Food oxalate: Factors affecting measurement, biological variation, and bioavailability
ABSTRACT Food and nutrition professionals provide medical nutrition therapy for patients with kidney stones. If the stones contain oxalate or the patient has been diagnosed with hyperoxaluria, reduction of dietary oxalate may be appropriate. Differences in oxalate values for a single food may be due to analytical methods, and/or biological variation from several sources, including cultivar, time of harvest, and growing conditions. Bioavailability of food oxalate and, thus, urine oxalate, will also be affected by salt forms of oxalate, food processing and cooking methods, meal composition, and the presence of Oxalabacter formigenes in the patient's gut. Dietary advice for reducing urinary oxalate should include both reduction of dietary oxalate and simultaneous consumption of calcium-rich food or supplement to reduce oxalate absorption.
SourceAvailable from: Joachim Müller[Show abstract] [Hide abstract]
ABSTRACT: Cassava is mainly grown for its roots whereas leaves are mostly considered as a byproduct. Cassava leaves are a rich source of protein, minerals, and vitamins. However, the presence of antinutrients and cyanogenic glucosides are the major drawbacks in cassava leaves which limit its human consumption. These antinutrients and toxic compounds of cassava leaves cause various diseases depending on the consumption level. Hence these antinutriens and toxic potential of cassava leaves should be addressed during cassava leaf processing (CLP) before human consumption. Several CLP methods have been developed but every method has its own limitations. Some CLP methods successfully detoxify cassava leaves but simultaneously destroy the nutrients. Efforts have also been made for cassava leaf protein extraction in the form of cassava leaf protein concentrate (CLPC) but protein recovery was very low. This review summarizes the nutrient, antinutrient and toxic composition of cassava leaves, CLPC, different CLP methods, human consumption and diseases caused by cassava leaves. Furthermore, recommendations have been made in order to encourage cassava leaves consumption as an important source of protein and micronutrients.Trends in Food Science & Technology 04/2015; DOI:10.1016/j.tifs.2015.04.006 · 4.65 Impact Factor
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ABSTRACT: Objective To account for variations in dietary oxalate content in resources available to hyperoxaluric patients. Our objective is to examine the heterogeneity of the oxalate content reported across various Web-based sources and smartphone applications. Methods A search of “oxalate content of food” was performed using the Google search engine. Smartphone applications were identified by their ability to assess oxalate content. Oxalate contents were obtained, and common foods were selected for comparison. Food groups were compared to better understand how patients are guided when using these references to manipulate their diet. Results Thirteen sources were identified, and 8 sources (6 Web sites and 2 applications) were used to construct figures for comparison of commonly listed foods. Oxalate content was extremely variable between various sources. Fruits with the widest observed range of oxalate included oranges (2.07-10.64 mg/100 g) and bananas (0-9.9 mg/100 g). Among vegetables, the oxalate contents of spinach (364.44-1145 mg/100 g), rhubarb (511-983.61 mg/100 g), and beets (36.9-794.12 mg/100 g) were most variable. Among nuts, the oxalate content of peanuts ranged from 64.57 to 348.58 mg/100 g, and pecans ranged from 4.08 to 404.08 mg/100 g. Conclusion Wide variations exist in the reported oxalate content of foods across several Web-based sources and smartphone applications, several of which are substantial and can have a sizable impact on the construction of a low oxalate diet. As dietary counseling has proven benefits, patients and caregivers should be aware of the heterogeneity that exists in the reported oxalate content of foods.Urology 09/2014; 84(3):555–560. DOI:10.1016/j.urology.2014.03.053 · 2.13 Impact Factor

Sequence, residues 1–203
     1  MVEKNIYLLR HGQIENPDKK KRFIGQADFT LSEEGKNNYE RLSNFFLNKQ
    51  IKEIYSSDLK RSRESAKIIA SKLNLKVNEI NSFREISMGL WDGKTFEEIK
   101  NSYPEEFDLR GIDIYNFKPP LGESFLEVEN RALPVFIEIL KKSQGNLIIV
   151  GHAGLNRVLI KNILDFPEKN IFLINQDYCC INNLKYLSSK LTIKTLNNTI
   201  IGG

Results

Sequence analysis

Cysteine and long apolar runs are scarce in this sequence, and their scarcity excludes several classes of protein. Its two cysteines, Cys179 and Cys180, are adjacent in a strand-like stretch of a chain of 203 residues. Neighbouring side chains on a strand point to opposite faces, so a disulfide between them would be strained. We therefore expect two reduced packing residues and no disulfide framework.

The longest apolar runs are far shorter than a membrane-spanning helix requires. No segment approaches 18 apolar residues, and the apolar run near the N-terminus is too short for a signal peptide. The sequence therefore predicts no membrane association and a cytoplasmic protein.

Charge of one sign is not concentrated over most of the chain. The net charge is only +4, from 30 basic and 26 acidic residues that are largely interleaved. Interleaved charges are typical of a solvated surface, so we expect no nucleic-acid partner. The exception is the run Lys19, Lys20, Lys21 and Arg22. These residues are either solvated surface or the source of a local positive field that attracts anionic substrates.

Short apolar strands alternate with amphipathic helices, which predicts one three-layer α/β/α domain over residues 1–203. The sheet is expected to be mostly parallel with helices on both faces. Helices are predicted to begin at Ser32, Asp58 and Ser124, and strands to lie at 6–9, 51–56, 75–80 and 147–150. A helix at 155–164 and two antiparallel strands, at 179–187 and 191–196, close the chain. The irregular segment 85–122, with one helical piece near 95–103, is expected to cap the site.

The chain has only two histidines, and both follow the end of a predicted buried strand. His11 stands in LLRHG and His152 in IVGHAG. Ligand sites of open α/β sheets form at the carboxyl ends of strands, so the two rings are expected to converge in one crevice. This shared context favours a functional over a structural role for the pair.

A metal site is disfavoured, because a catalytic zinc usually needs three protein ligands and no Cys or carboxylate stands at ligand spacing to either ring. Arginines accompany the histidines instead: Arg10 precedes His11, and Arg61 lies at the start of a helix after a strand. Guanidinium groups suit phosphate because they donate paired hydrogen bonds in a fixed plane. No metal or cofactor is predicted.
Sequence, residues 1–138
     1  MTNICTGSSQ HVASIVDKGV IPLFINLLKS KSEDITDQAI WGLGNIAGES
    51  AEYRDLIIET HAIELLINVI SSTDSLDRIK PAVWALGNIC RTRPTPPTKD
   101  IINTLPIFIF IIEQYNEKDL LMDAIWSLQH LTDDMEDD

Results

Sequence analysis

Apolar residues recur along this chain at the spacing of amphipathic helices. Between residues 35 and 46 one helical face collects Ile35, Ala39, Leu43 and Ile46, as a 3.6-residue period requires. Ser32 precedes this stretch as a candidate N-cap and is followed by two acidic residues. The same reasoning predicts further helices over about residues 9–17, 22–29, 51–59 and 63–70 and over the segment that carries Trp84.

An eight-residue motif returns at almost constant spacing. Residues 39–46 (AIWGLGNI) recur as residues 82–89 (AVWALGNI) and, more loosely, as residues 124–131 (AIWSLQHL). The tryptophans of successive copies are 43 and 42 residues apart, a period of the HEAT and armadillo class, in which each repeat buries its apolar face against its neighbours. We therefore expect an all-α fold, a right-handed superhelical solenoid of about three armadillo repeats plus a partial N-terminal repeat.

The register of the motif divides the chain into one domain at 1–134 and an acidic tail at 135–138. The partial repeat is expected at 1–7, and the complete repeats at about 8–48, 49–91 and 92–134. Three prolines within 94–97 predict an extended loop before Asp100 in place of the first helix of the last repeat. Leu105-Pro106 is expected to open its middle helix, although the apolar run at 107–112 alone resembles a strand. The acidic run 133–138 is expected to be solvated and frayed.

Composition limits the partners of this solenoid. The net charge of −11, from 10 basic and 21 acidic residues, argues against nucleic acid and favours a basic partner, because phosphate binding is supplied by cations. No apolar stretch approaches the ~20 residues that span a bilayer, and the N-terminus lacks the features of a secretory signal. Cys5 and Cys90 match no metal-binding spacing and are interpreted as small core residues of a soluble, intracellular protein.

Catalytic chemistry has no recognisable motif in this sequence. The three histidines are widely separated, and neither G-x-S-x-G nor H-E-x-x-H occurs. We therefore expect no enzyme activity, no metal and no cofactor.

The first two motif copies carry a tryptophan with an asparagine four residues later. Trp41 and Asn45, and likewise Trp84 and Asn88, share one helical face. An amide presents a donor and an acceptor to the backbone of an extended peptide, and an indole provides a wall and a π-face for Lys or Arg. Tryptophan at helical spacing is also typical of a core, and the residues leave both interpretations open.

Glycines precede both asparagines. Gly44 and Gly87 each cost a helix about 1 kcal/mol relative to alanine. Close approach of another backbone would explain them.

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ABSTRACT: Hyperoxaluria can cause not only nephrolithiasis and nephrocalcinosis, but also renal parenchymal disease histologically characterized by deposition of calcium oxalate crystals throughout the renal parenchyma, profound tubular damage and interstitial inflammation and fibrosis. Hyperoxaluric nephropathy presents clinically as acute or chronic renal failure that may progress to end-stage renal disease (ESRD). This sequence of events, well recognized in the past in primary and enteric hyperoxalurias, has also been documented in a few cases of dietary hyperoxaluria. Estimates of oxalate intake in patients with chronic dietary hyperoxaluria who developed chronic kidney disease or ESRD were comparable to the reported average oxalate content of the diets of certain populations worldwide, thus raising the question whether dietary hyperoxaluria is a primary cause of ESRD in these regions. Studies addressing this question have the potential of improving population health and should be undertaken, alongside ongoing studies which are yielding fresh insights into the mechanisms of intestinal absorption and renal excretion of oxalate, and into the mechanisms of development of oxalate-induced renal parenchymal disease. Novel preventive and therapeutic strategies for treating all types of hyperoxaluria are expected to develop from these studies.